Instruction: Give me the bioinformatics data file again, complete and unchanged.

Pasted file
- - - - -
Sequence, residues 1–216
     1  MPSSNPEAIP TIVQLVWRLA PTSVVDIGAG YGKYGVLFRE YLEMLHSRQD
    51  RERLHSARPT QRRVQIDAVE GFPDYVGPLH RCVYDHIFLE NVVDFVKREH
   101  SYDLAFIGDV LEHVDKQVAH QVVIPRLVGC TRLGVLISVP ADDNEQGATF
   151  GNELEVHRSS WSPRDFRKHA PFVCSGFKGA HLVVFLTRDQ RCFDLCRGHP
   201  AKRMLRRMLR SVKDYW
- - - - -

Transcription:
Sequence, residues 1–216
     1  MPSSNPEAIP TIVQLVWRLA PTSVVDIGAG YGKYGVLFRE YLEMLHSRQD
    51  RERLHSARPT QRRVQIDAVE GFPDYVGPLH RCVYDHIFLE NVVDFVKREH
   101  SYDLAFIGDV LEHVDKQVAH QVVIPRLVGC TRLGVLISVP ADDNEQGATF
   151  GNELEVHRSS WSPRDFRKHA PFVCSGFKGA HLVVFLTRDQ RCFDLCRGHP
   201  AKRMLRRMLR SVKDYW